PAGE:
July 25, 2018
Foreign Policy: ASEAN is Priority, says Malaysia’s Foreign Minister Saifuddin Abdullah
by Yiswaree Palansamy
Foreign Minister Saifuddin Abdullah and his Indonesian counterpart, Retno Marsudi, in Jakarta
Malaysia’s foreign policy will continue to be focused on strengthening ties with its South-east Asian neighbours, Foreign Minister Datuk Saifuddin Abdullah said as China flexes its muscle over the resource-rich region.
But he added that the full extent of the country’s foreign policy will be spelt out by Prime Minister Tun Dr Mahathir Mohamad when he addresses the United Nations General Assembly in New York in September, Straits Times reported today.
“ASEAN is always premium. ASEAN member states really have to come together, be on the same page, not only with China, but any superpower,” Saifuddin told the Singapore daily in an interview yesterday.
The Malaysian Foreign Minister admitted that it will not be easy to manage ties with China, which is also Malaysia’s largest trade partner, noting that other ASEAN members too have significant trade and other bilateral interests with the Asian superpower.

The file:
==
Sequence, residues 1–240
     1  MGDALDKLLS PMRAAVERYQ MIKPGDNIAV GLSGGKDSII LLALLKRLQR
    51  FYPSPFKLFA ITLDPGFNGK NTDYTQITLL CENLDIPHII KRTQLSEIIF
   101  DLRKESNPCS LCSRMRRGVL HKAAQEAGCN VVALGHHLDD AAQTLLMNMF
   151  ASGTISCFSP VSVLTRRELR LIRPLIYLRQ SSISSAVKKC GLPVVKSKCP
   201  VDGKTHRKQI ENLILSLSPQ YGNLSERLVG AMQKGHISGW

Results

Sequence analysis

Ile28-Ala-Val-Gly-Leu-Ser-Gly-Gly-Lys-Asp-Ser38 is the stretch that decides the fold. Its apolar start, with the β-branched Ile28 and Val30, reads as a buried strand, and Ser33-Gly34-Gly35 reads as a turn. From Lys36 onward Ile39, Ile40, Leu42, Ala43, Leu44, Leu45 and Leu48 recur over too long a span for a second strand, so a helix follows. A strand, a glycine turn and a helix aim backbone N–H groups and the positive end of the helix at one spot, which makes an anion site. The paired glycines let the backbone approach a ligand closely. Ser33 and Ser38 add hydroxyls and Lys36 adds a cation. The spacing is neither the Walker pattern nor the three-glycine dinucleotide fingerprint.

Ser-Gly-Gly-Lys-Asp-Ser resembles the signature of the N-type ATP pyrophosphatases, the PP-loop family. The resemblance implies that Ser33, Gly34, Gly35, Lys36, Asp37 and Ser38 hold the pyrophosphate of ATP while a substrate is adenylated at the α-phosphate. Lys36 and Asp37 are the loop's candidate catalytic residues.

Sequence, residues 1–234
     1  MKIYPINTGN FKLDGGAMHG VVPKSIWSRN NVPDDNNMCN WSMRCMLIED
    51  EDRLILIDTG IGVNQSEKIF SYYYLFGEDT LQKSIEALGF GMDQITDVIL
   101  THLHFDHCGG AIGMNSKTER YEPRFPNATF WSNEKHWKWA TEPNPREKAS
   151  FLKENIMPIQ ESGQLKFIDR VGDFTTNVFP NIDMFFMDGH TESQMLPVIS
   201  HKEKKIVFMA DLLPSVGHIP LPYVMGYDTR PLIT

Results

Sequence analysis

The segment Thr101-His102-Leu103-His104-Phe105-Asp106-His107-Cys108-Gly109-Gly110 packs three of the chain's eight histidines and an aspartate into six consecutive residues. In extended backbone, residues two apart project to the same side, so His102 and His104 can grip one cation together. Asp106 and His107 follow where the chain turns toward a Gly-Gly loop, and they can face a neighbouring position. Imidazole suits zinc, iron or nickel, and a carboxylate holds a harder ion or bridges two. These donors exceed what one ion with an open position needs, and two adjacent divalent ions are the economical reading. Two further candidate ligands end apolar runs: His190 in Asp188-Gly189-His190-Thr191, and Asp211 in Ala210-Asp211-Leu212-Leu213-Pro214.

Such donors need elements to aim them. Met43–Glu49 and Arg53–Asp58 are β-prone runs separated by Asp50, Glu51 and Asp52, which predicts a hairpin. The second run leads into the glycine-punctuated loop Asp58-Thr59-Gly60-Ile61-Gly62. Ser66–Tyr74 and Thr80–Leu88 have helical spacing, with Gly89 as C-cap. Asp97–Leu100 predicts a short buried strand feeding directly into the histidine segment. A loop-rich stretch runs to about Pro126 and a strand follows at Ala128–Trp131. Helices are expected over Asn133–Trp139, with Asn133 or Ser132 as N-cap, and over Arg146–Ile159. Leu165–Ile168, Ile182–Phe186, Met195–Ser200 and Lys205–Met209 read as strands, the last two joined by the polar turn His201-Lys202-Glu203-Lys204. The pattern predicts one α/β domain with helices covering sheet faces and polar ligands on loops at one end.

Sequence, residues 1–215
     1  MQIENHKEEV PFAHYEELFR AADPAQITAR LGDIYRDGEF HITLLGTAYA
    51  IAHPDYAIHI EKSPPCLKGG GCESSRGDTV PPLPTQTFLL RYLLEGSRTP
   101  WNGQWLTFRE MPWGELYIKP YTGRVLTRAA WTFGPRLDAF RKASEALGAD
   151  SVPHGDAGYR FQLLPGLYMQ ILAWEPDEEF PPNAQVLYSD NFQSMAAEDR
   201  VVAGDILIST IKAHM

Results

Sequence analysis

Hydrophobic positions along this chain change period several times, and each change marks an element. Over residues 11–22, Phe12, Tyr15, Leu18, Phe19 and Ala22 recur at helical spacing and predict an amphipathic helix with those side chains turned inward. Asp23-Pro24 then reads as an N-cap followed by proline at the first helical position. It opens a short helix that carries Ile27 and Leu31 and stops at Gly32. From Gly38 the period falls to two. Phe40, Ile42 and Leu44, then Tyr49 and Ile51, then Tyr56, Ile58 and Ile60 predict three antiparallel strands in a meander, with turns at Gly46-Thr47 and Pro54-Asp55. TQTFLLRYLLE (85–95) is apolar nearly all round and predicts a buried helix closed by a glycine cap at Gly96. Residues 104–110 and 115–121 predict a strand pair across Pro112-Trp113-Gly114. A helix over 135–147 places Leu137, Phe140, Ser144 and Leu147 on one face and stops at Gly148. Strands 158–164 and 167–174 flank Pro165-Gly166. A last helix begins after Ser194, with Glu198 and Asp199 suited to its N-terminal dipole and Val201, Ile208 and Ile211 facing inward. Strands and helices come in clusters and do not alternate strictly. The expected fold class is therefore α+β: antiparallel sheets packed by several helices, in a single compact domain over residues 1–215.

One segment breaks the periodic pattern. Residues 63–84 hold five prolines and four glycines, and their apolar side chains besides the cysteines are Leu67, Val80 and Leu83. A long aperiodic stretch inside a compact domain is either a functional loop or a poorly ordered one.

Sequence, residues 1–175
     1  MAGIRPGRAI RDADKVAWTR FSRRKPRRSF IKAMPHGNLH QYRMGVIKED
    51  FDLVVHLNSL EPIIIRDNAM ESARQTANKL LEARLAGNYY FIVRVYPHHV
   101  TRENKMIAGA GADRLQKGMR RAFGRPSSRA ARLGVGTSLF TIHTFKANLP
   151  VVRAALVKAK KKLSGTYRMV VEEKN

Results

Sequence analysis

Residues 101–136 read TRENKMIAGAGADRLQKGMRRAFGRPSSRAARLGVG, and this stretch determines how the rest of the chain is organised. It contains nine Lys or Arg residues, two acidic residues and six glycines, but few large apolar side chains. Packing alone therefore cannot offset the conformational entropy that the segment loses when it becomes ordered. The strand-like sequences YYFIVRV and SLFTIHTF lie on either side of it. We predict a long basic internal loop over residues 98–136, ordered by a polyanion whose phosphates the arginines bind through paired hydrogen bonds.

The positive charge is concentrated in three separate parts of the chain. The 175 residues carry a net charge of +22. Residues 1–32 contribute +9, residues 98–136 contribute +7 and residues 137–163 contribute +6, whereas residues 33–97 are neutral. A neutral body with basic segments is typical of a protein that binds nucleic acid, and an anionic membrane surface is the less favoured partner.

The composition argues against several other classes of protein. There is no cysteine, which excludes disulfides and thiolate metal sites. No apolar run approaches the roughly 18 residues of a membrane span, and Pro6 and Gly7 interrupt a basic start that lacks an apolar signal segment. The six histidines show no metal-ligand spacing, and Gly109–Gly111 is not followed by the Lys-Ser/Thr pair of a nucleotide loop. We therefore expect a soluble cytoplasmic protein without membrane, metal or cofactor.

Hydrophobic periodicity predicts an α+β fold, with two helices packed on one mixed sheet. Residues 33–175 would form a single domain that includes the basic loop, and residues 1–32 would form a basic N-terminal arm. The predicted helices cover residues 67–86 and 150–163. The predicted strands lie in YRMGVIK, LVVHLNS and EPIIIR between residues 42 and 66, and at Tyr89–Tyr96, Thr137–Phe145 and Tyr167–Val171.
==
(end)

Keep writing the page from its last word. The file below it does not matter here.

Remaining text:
“Security is another story altogether, and ASEAN centrality is missing. We can speak in one voice and negotiate and explain our position better. Hopefully, then China and others will appreciate our position and concerns,” he was quoted saying.
While Malaysia still holds to the “fundamental principles of non-alignment, non-interference” and does not support violent actions by sovereign powers, Saifuddin expressed confidence that the business community in the 10-member ASEAN will look to Dr Mahathir to play a key role as he has done in the past to safeguard their economic interests.
“The grassroots, the small businessmen, the small-medium enterprises don’t really feel (ASEAN Economic Community (AEC) represents them. Social entrepreneurship is where you can strike a common denominator where people in all 10 member states can benefit.
“We need to bring them as government contractors, if you like, or as empowered non-state actors to play a more active role,” he told the Singapore paper.
Saifuddin also said he hopes to engage Singapore — one of the five founding members of ASEAN — on ways to bring other parties into discussions to enlarge the ASEAN Economic Community and to move away from the concept that the grouping is only for “big people and big companies”.